2. Experimental details
The epitaxial structure of the blue LEDs in this work are grown by metal-organic chemical vapor deposition (MOCVD) on c-plane sapphire, which consists of a 3-μm-thick undoped GaN layer, a 3-μm-thick Si-doped GaN layer, 10 periods of InGaN/ GaN quantum wells, capped with a 0.25-μm-thick Mg-doped GaN layer. A 200 nm-thick indium tin oxide (ITO) is deposited as a p-type current spreading layer. The mesas of the stripe LEDs with dimensions of 15 mm x 0.235 mm are patterned by photolithography and etched by Cl2-based inductively-coupled plasma etching. After definition of contact pad regions, Ti/Al/Ti/Au (40/150/20/40 nm) is deposited by electron beam evaporation followed by annealing. For comparisons, 1.9 x 1.9 mm2 cubic LEDs with identical mesa area are fabricated alongside. All devices emit at a peak wavelength of ~470 nm with spectral width of ~35 nm full-width at half-maximum (FWHM). The chips are diced by laser micro-machining with a diode-pumped solid-state (DPSS) ultraviolet (UV) pulsed laser at 349nm. Some of the stripe LEDs are shaped to have partially-inclined sidewalls using a modified laser micro-machining setup involving the use of a beam steering mirror; these are referred to as ∠-stripe LED. Details of the chip-shaping process can be found in . Cross-sectional profiles of the stripe and ∠-stripe chips are depicted in the ray-trace diagrams of Figs. 1(c) and 1(d) respectively. The separated chips are epoxy-mounted onto specially-designed ceramic substrates with copper conductor layers and are wire-bonded using Al wires. The electrical, optical and thermal performances of the LEDs are comprehensively characterized. Microphotographs of the cubic, stripe and ∠-stripe LEDs, driven at currents of 20 mA, are shown in Figs. 1(a)-1(c) respectively.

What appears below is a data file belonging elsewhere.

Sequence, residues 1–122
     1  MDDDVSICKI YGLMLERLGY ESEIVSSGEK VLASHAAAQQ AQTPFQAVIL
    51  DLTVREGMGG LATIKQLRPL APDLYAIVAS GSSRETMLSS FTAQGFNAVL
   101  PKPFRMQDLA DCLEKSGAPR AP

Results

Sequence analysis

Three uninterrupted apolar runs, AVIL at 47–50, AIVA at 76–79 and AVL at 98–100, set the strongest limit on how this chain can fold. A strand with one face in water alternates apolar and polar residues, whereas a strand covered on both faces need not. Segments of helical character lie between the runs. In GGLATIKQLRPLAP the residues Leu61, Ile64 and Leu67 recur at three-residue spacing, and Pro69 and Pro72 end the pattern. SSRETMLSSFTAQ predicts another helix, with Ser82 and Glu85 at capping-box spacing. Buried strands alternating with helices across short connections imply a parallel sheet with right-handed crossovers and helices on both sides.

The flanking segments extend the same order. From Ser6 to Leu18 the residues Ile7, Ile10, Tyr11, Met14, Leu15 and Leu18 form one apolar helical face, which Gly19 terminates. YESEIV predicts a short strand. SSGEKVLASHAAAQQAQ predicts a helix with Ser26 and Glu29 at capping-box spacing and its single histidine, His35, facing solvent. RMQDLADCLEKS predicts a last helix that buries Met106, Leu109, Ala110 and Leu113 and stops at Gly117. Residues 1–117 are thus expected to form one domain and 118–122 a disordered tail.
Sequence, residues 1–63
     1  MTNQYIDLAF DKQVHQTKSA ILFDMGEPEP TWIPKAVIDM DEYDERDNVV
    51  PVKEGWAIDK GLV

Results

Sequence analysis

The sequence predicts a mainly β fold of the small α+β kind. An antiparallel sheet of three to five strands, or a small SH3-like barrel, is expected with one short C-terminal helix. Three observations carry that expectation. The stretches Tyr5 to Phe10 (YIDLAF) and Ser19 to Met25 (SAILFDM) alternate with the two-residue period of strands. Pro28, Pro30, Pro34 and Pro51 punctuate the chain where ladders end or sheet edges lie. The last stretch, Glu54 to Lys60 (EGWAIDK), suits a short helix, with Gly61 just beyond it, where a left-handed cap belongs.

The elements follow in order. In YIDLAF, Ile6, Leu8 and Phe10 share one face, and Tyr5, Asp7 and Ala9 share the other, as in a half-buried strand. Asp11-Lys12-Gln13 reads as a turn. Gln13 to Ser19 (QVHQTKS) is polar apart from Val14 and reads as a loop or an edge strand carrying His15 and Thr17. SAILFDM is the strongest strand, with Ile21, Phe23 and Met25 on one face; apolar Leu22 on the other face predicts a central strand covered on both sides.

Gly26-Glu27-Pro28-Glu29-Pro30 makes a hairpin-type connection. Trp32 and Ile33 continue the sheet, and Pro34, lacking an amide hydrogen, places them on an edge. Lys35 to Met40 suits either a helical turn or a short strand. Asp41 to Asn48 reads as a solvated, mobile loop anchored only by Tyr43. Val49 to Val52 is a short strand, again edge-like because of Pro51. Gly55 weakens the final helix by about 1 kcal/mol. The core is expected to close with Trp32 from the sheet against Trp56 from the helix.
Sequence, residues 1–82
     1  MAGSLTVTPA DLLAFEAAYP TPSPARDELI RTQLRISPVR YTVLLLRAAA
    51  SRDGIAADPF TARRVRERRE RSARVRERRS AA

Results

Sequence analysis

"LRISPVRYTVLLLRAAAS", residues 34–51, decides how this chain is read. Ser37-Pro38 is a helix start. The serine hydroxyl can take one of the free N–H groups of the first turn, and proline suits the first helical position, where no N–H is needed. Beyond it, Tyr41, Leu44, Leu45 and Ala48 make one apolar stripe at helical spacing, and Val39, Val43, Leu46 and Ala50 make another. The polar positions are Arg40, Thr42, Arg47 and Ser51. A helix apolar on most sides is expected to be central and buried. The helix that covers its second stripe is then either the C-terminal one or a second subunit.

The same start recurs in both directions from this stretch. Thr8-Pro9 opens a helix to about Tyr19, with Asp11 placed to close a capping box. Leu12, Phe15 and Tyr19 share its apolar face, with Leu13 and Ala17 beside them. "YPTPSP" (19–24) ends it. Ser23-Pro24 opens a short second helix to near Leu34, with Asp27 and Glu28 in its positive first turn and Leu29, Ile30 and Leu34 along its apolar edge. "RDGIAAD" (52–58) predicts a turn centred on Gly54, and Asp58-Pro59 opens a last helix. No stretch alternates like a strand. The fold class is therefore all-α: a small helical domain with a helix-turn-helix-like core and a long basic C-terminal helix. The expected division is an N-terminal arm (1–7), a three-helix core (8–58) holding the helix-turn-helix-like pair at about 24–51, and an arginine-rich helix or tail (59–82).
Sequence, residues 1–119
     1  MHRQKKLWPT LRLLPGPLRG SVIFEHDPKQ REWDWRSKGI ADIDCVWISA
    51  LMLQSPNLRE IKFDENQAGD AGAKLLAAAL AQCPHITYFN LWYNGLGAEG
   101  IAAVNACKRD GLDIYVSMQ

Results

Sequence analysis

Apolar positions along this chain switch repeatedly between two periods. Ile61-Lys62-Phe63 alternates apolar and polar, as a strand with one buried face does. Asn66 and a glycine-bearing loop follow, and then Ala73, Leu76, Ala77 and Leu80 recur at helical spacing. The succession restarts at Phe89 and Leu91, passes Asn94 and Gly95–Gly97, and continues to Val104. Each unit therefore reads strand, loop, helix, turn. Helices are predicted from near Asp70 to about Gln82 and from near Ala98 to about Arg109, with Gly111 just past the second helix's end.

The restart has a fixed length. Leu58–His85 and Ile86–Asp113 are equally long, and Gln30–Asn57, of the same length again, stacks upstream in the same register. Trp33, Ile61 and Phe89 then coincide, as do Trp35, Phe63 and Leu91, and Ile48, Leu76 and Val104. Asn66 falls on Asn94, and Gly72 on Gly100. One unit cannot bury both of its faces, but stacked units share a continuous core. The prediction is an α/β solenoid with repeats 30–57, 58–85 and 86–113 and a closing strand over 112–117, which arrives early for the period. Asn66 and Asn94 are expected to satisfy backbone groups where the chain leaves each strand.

3. Results and discussions
Considering the lengths of the stripe chips and the resistivities of the n- and p-type GaN layers, current spreading cannot be ignored. Based on a simple calculation, the voltage would have dropped by 60% if the potential difference is applied between the cathode and anode end-to-end. Conversely, in order to maintain 95% of the applied voltage along the entire length of the chip, 6 cathodes/ anodes will be required . For this purpose, additional bond pads, interconnected via a narrow metal rail along the long edge, have been implemented, as illustrated in the schematic diagrams of Fig. 2. To illustrate their effectiveness, microphotographs of the stripe LEDs driven at 50 mA with 2, 4 and 6 pads connected are displayed in Figs. 3(a), 3(c) and 3(e) respectively. Cross-sectional emission intensity maps of the respective devices, obtained by confocal microscopy, are shown in Figs. 3(b), 3(d) and 3(f). With all pads connected, light emission uniformity along the strip becomes homogenous.